Dysphoria by Karelia Stetz-Waters
Artema Press, 2013, 350 pp
Dysphoria. On its own, the word means simply the state of feeling unwell. It is a loaded term, however, especially in the queer community. Trans*-folk use the word to describe the feeling of incongruity between how the body exists and how the brain expects the body to exist. Since the mainstreaming of that definition, dysphoria has also come to indicate any incongruity between brain and body, including such movements as transethnics, some furry lifestylers (humans with the belief that they are or connect to a particular animal), and apotemnophilia — self-desired amputation. This last borrowed definition is one of the major themes in Karelia Stetz-Waters’s debut thriller of the same name.
The story follows protagonist Helen Ivers as she begins her new job as president of a small New England college in the town of Pittock. Ivers is cool-headed and utterly capable, but she is haunted by the memory of her sister and her gruesome suicide. That haunting begins to creep into Ivers life as the college is rocked by the discovery of legs, dismembered by nearby train tracks. Flanked on one side by Drummond, the well-kept elder provost at Pittock, whose desire seems to lie with keeping the controversy quiet, and on the other with wild card Adair Wilson, a strikingly handsome lesbian drama teacher who is instrumental in finding the body parts and unwilling to let the tragedy go unsolved.
I found Dysphoria to be well-written, especially in comparison to many books in both the lesbian detective and thriller genre. The characters, especially Ivers and Drummond, are fresh and full-bodied (pun intended). At times, Stetz-Waters lingers in more literary and even experimental places, playing with form and perspective in some truly unexpected ways. I also found the story to be something truly original. As a fan of true crime, procedural shows, and, obviously, lesbian lit, Dysphoria definitely borrows from aspects of each genre but pulls together into something quite fresh. I especially identified with Helen Ivers. Her behavior, namely engaging in unfulfilling and utterly unerotic heterosexual sex in an effort to escape her own mental space, was frustrating (and frequently unpleasant to read) but I saw echoes of her thought processes in my own life.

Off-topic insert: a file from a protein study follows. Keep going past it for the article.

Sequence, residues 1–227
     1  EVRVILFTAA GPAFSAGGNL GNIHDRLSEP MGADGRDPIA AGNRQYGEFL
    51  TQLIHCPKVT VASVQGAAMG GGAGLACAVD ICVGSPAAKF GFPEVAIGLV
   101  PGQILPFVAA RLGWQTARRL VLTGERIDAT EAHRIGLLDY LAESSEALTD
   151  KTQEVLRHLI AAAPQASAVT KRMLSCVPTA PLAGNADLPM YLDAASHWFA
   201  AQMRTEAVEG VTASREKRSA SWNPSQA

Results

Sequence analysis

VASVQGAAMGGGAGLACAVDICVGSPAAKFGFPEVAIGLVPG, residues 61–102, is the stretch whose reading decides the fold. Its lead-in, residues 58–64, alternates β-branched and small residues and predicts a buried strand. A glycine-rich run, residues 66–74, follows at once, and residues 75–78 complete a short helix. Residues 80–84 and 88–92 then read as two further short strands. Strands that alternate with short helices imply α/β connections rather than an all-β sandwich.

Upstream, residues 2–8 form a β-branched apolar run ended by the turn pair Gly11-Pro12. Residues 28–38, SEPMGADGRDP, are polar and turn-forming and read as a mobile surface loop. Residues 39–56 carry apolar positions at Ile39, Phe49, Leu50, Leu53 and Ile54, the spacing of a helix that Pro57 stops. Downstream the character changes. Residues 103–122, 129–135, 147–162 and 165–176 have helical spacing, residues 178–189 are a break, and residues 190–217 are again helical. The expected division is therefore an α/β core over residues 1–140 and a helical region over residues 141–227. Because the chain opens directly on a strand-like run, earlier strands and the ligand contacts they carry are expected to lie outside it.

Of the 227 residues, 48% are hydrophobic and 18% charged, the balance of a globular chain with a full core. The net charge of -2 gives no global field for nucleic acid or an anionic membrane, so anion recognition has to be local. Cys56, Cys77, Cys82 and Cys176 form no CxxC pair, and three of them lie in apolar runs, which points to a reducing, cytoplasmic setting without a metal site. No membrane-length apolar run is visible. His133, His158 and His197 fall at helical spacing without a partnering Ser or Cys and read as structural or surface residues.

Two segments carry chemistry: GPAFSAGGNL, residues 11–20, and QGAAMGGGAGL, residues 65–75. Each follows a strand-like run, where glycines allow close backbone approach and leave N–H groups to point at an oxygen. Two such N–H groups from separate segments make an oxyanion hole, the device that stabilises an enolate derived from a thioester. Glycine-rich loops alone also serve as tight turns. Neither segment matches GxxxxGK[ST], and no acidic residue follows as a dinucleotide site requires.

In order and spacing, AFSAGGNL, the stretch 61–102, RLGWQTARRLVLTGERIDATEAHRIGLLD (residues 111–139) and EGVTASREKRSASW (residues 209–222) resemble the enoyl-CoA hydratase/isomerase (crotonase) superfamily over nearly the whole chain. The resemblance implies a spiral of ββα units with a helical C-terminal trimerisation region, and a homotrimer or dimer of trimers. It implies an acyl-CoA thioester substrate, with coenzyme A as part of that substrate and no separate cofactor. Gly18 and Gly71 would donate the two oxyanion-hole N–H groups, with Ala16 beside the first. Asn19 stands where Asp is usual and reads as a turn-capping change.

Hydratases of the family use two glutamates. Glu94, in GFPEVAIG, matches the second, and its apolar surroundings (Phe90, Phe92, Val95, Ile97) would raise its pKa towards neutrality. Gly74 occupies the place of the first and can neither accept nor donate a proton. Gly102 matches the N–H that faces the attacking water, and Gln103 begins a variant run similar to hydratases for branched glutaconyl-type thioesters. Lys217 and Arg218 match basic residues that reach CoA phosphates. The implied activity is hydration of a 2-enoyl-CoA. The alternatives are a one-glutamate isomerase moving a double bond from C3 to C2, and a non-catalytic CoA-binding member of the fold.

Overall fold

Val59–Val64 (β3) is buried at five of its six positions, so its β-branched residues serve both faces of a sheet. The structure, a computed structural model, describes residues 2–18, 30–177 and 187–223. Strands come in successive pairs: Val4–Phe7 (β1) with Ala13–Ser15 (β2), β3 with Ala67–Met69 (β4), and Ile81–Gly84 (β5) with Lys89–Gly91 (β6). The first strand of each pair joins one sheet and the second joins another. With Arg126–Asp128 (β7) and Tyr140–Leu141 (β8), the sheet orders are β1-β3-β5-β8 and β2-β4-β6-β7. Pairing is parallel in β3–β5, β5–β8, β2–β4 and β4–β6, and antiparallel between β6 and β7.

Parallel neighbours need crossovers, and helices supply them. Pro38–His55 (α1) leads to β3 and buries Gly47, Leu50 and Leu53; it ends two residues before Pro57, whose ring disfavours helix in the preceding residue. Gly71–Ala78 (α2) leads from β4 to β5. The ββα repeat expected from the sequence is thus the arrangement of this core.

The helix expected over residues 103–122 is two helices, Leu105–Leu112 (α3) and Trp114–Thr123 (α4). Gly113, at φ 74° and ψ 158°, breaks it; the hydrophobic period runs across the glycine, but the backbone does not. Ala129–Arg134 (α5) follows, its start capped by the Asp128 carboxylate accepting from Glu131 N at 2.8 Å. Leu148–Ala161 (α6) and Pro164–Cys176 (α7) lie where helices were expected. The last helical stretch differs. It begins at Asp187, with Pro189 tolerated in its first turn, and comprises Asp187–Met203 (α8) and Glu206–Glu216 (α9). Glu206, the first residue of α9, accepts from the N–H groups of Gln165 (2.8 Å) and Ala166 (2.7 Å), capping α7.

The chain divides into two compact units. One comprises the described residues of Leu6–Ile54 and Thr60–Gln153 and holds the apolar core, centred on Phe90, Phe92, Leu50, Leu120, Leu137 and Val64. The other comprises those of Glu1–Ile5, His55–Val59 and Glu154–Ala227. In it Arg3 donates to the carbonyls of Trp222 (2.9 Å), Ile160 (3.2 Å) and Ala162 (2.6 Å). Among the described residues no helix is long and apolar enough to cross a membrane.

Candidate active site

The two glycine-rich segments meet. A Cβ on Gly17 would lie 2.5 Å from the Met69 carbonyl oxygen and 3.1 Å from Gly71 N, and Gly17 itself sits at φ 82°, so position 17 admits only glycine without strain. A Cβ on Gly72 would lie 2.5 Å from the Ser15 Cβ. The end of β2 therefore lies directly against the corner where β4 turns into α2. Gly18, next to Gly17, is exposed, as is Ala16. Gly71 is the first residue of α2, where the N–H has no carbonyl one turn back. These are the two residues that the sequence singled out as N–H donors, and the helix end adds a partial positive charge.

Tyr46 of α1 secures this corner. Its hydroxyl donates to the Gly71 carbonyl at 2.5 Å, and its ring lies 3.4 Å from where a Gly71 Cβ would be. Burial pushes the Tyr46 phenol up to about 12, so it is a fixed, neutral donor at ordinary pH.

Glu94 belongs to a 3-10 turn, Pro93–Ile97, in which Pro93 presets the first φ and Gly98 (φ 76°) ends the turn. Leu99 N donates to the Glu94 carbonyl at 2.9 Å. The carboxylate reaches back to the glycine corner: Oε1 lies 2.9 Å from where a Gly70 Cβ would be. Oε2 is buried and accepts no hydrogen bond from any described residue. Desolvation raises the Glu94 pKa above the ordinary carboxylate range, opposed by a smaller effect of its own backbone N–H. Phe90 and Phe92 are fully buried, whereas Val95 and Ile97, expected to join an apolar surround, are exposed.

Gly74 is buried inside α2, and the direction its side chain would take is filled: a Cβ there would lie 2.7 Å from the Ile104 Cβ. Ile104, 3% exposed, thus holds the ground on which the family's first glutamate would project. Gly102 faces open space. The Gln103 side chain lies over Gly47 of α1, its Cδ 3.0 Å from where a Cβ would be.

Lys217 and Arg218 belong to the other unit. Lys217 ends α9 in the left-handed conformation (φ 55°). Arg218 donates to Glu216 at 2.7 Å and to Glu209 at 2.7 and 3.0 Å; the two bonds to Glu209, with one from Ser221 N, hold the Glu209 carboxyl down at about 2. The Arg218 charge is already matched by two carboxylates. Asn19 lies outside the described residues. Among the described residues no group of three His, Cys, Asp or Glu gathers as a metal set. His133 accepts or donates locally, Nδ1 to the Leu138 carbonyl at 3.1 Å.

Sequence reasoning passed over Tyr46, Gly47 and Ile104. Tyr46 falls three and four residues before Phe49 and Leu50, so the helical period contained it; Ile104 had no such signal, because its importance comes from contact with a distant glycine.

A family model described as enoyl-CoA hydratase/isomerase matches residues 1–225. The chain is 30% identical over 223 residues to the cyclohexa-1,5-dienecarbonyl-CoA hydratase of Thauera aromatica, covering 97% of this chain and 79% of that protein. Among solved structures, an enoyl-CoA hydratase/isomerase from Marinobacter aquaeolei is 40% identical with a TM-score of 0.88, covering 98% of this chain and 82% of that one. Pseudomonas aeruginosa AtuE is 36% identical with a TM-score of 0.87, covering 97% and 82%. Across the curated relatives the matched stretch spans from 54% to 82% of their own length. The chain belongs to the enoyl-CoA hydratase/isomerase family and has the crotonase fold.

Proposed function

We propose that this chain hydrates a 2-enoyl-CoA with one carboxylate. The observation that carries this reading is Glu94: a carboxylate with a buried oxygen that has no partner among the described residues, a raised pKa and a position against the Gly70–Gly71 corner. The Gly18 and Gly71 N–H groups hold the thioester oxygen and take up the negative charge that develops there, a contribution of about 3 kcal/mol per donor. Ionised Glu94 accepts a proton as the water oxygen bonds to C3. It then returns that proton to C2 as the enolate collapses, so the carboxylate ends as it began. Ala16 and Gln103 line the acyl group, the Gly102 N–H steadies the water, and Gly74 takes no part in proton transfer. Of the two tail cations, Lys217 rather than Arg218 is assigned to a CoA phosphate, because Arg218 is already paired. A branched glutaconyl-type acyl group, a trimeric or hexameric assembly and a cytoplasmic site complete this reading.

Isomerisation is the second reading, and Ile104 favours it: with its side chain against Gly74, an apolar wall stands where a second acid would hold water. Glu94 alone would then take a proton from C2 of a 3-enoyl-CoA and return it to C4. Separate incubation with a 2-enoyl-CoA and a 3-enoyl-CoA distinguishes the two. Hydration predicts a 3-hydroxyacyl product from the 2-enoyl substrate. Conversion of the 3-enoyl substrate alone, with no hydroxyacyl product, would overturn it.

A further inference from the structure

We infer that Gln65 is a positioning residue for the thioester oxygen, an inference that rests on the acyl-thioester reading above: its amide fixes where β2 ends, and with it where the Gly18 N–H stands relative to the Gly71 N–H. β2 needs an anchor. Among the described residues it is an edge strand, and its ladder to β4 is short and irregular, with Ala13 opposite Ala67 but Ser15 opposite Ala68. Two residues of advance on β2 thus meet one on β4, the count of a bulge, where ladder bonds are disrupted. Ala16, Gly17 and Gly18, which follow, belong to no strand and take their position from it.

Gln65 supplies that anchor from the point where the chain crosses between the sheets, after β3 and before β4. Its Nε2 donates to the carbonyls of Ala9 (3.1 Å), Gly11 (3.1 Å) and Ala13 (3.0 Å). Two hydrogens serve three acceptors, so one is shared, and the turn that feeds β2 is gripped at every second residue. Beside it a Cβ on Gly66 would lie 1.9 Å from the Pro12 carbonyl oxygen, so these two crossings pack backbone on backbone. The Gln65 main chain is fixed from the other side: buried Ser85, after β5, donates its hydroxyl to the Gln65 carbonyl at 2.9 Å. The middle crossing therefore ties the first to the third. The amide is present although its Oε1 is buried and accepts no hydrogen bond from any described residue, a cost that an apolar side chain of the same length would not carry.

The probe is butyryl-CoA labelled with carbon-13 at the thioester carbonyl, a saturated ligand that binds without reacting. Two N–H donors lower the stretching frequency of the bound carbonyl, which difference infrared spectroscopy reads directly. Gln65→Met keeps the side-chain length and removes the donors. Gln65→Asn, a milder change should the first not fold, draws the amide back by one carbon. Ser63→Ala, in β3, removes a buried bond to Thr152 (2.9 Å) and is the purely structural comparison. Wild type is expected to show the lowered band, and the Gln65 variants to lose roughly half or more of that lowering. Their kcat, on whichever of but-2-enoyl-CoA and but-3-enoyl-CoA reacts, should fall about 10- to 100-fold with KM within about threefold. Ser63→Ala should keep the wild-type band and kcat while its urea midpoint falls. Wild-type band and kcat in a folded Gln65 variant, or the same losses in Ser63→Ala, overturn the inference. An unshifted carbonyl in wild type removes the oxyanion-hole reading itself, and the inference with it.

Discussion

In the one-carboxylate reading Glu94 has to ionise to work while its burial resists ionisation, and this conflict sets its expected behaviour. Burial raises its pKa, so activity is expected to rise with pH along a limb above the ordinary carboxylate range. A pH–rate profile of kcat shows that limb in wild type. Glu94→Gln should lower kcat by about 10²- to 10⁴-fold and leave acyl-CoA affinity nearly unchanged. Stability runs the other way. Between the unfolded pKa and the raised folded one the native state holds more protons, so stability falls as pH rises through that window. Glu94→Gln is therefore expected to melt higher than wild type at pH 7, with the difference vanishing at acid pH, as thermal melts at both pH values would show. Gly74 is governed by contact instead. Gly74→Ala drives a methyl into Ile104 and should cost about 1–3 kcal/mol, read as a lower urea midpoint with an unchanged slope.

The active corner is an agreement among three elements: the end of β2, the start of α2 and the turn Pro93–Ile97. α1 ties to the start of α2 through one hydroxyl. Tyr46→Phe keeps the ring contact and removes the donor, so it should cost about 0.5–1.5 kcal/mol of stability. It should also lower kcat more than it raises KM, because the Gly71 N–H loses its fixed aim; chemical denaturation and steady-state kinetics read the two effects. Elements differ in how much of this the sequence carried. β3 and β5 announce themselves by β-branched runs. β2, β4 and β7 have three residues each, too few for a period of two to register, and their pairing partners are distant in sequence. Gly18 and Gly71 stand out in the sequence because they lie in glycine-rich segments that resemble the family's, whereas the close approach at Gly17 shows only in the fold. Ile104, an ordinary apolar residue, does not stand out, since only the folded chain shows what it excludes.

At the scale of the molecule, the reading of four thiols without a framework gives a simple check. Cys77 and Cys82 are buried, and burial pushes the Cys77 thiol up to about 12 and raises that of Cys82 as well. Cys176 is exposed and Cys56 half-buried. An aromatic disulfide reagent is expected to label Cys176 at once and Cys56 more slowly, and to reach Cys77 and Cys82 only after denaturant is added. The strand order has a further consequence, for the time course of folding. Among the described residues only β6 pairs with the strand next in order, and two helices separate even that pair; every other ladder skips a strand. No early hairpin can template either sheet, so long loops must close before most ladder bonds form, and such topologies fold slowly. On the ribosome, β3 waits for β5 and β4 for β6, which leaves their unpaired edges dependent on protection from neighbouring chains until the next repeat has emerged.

Aside from the straight sex, Dysphoria also offers truly disturbing POV segments from the killer. We learn about his history of abuse, about his obsession with creating amputees — and the sexual nature of his fetish. I understand, as a reader, why this POV is included. It certainly ramps up the tension and creates a few “ah ha!” moments later in the book. For those more sensitive to stuff of this ilk, however, this might be the ultimate turn off.
The other major issue I had with Dysphoria was with love interest and plot driver, Adair Wilson. Because the book stays in Helen Ivers’ perspective most of the time, and because Ivers herself does not know much about Wilson, the character is left largely undeveloped. Wilson seems to act mysteriously when the plot calls for tension, to explain herself when Ivers needs the relief. Even the descriptions of Ivers’ attraction to Wilson are spotty at best. Aside from Wilson’s shocking beauty, I had trouble understanding why Ivers was attracted to her. Some of the circumstances the two women are involved in are entirely unromantic and even disturbing — on a level completely different from that of a serial killer. I felt like I should be fascinated and enamored with Wilson, but was given no reason to. Sadly, much of the book’s success hinges on this.
I will also draw attention, once more, to the title. Dysphoria. As I don’t possess any expertise in psychology, I cannot speak to the legitimacy of any of those who claim the term as a method of expressing body/mind disintegration, but as an ally of the trans* community and best friend of a genderqueer individual, I found myself pausing on multiple occasions when the lives of “transexuals” were used to (perhaps) legitimize the dysphoria of amputee “wannabees” — and by more than one character! I doubt it is Stetz-Waters’s intention to marginalize people who may be a part of her audience, but given her reassurance to me as introduction that she was, in fact, a “gold star” lesbian, I don’t think Stetz-Waters is all too concerned with being inclusive.
My reservations aside, I found Dysphoria to be, for the most part, an engaging and even thrilling read. As an alternative to much of what is currently available in lesbian crime thrillers, Dysphoria is well written, edited, and plotted. Each reader may have to contend with the level of violence, disturbing content, and casual marginalization they are willing to endure for fiction. While mildly curious about the sequel reportedly in the works, I don’t believe I will be tuning in for more of Stetz-Waters’s thrillers.